Qualifying the Working Thesis (IT DEPENDS)

According to Twitchell, we are defenseless against consumerism and we approve this fact. We do not try to resist the negative effect of commercialism and perceive it as something common. It looks like we are slaves of commerce and trade. Nevertheless, is the situation so disappointing? Doubtfully. Although the author wanted to emphasize how bad the situation is and how we need to prevent it urgently, rational analysis shows that such words as “demonizing”, “victim” and “scapegoat” sound rather dramatic and rant-alike. In fact, people are not as passive as it may seem. The extent to which this statement is valid rests upon person’s willingness to act and possibility to choose wisely. A word “consumer” should not sound like a verdict. Consumerism presupposes active participation and awareness – if it is shopping or TV-watching – since a person has the control “making up a shopping basket” (Twitchell 23). For example, you want to buy a car. You do not yield blindly to temptation just because you want a vehicle. A reasonable choice is based on certain criteria. A convertible will look ridiculous in a foggy and rainy location. A Smart will create wrong impression if you are a CEO of an international company. A Pick-up will be the best choice if you often transport things. You think critically, decide on priorities and weigh all the benefits. You may be influenced by commercials or other people but eventually it is your responsibility. Actually, Twitchell himself states that “most consumption, whether it is of entertainment or in the grocery store, is active. We are engaged.” (Twitchell 23).

On the other hand, the argument makes sense and is logical whereas we may see it on practice. Trying to put all the blame on consumerism as such, we just want to hide the truth – we love things and we do not want to face the fact the overuse is a problem. By means of these lines, Twitchell details that we are trapped, “We live through things. We create ourselves through things. And we change ourselves by changing our things.” (Twitchell 18). We do not want to change anything – that is a bitter truth. People are creatures of habit. They will complain when something goes differently missing “good old times,” but doing absolutely nothing because of own laziness. They will open the mouth widely to get more inside. To demonstrate what is meant, let us analyze the following example. Harmfulness of plastic was proved long ago and people still try to recycle it, substitute for other materials or avoid its usage at all, but when it comes to shopping we accept bottled water without the slightest feeling of guilt and regret. Why even bother?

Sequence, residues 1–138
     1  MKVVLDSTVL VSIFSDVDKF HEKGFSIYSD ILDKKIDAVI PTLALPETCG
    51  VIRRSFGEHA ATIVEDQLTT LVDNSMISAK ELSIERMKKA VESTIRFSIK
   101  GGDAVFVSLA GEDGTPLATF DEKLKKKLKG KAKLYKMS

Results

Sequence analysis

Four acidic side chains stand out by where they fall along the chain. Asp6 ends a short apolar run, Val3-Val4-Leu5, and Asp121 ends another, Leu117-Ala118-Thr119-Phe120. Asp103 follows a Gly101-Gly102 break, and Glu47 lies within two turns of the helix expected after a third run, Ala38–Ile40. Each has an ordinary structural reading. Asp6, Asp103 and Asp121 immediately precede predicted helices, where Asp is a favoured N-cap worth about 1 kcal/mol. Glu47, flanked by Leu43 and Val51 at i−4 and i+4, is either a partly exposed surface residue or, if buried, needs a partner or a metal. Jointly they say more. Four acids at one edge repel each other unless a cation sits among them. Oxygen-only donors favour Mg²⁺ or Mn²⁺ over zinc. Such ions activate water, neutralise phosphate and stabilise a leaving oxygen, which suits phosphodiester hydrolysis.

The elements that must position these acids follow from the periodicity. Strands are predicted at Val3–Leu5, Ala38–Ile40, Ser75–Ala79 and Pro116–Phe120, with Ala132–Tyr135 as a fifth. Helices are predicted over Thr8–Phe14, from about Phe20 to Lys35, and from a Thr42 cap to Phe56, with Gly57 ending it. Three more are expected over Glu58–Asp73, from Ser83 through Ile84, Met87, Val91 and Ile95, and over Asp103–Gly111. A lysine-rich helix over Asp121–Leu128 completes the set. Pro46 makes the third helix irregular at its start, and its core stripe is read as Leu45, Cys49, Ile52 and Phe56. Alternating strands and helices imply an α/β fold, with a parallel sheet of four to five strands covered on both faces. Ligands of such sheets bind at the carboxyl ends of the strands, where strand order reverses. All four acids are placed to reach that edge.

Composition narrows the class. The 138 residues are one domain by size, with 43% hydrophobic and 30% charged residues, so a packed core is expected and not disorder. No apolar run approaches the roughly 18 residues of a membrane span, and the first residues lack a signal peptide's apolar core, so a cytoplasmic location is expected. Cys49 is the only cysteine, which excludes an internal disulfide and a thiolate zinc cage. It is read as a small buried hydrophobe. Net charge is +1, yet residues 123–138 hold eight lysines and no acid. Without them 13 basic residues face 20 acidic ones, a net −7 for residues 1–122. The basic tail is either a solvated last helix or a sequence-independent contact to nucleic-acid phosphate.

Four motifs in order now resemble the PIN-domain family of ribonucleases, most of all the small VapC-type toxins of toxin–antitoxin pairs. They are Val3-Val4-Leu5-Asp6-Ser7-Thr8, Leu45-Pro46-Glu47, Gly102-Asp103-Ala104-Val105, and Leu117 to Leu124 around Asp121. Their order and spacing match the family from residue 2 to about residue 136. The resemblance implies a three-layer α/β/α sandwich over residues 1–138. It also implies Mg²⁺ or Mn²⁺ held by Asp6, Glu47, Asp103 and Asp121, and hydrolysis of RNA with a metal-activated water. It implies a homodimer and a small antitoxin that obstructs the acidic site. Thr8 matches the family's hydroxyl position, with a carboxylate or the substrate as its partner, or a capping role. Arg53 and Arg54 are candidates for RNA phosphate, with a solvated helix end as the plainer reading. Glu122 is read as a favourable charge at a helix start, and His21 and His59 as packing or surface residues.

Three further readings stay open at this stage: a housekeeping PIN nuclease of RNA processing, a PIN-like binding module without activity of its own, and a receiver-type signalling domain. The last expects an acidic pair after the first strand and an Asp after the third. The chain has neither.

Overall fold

To conclude, people realize that they became captured by their own desire to consume, but they leave things unchanged consciously. At the same time, there is nothing bad in having large variety of goods and services and people try to make the best out of it: this is a trend of modern times. To some extent, whether we are passive or active depends on our wisdom and ability to make a justified choice, to be temperate and to know a limit. When you are complaining about how spoiled today’s kids are, how mercantile business is and how mean the world is becoming, remind yourself that you are participating in this process. People themselves created consumerism. They encourage it. They look for justifications and excuses. They blame the very phenomenon but where it starts is you. A quotation from the movie Apocalypto seems to be suitable like never before, “I saw a hole in the Man, deep like a hunger he will never fill. It is what makes him sad and what makes him want. He will go on taking and taking, until one day the World will say, 'I am no more and I have nothing left to give.'” Therefore, let us become more aware and try to recover from this fever of getting and spending.